There are several springs or small rivulets around which a small structure is built to keep the water clean. These water sources are called chauhras. There is considerable scope for providing water to several families at a low cost with the help of chauhras. From 1987-88 to 1999 ABSSS has taken up the construction of 29 chauhras. Water collection centers at three other locations also help to quench the thirst of these villages and hamlets.

price by joint storage and sale. Later the profit made from the sale was distributed as a special bonus among the women collectors. This was their first experience of getting a bonus and the fact that after getting a reasonable rate they are also entitled to a part of profit brought a lot of enthusiasm among them.

Knowledge relating to medicinal hers which are found in these forests is incorporated into the educational programmes of ABSSS so that the new generation is conscious of their health benefits as well as economic potential. ABSSS has also encouraged kols to plant a medicinal garden in Tikariya Panchayat area. This consists of 566 trees and several medicinal plants. In addition about three thousand trees have been planted in smaller lots. Species are chosen in such a way that apart from their environmental benefits, they also add to the income and food security of people.

In all these plantations of mixed species of trees a careful decision has been taken not to use any chemical fertilizers. In the plantation at Ranipur when it was important to get some protection from pests, a mixture of cow urine and neem leaf water was used.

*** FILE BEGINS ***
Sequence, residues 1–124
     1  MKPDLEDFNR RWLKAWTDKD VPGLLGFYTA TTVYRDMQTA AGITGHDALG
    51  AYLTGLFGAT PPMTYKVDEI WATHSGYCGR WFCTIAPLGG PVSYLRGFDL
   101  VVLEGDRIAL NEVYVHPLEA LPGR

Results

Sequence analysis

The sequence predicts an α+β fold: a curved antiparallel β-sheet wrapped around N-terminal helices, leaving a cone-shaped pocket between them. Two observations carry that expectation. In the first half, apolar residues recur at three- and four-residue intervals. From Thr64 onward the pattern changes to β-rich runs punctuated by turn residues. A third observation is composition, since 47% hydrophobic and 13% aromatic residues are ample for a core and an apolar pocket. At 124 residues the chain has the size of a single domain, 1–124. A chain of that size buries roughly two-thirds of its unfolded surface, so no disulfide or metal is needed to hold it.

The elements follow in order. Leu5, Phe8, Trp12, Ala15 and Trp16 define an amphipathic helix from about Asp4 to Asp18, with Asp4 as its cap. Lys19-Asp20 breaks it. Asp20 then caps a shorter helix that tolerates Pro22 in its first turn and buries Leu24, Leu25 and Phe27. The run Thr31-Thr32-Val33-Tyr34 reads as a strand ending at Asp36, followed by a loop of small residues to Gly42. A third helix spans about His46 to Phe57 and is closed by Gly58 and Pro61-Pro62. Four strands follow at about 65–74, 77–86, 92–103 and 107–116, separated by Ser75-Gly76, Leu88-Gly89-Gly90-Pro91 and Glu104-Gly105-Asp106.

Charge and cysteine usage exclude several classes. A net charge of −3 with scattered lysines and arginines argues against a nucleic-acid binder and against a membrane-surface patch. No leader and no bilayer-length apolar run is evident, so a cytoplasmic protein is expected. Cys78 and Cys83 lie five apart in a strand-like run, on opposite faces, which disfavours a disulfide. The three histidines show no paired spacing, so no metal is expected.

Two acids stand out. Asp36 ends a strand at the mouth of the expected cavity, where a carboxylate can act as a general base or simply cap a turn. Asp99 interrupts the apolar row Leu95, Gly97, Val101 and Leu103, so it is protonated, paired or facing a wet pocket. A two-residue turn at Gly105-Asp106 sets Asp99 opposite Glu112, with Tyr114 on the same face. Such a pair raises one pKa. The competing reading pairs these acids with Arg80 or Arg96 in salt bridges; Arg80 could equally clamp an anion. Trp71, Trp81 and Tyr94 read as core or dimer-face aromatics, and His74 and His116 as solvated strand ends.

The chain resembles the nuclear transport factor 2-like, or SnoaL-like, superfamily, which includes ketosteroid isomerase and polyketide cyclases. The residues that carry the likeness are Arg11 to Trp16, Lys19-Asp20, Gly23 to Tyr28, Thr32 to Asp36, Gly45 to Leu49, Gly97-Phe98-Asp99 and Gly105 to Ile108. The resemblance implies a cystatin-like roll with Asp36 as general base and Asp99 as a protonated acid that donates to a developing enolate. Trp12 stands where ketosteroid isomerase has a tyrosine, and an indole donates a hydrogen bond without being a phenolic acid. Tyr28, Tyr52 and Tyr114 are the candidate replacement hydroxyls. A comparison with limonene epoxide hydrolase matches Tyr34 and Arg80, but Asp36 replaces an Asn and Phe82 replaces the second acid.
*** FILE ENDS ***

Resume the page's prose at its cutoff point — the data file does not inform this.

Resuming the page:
VII. Contribution of Women

Women have been equal partners in several mobilization efforts of ABSSS. At the time of several agitations, overcoming many difficulties they have come from remote villages to participate actively. They have been keen participants in the various land struggles. In recent years land titles have been issued jointly in the name of men and women at the time of distribution of land among weaker sections. Similarly he distribution of houses for weaker section is now being done using joint titles in the name of men and women.

Most ABSSS programmes such as relating to forest and irrigation have involved benefits as much to woman as to men. However some programmes have also been aimed mainly at women. For example the mahuwa collection effort in which better rates and also bonus were paid had involved mainly kol women ant they directly got the economic benefits. The programme of savings is based on the organisation of self-help groups and this again involves women only.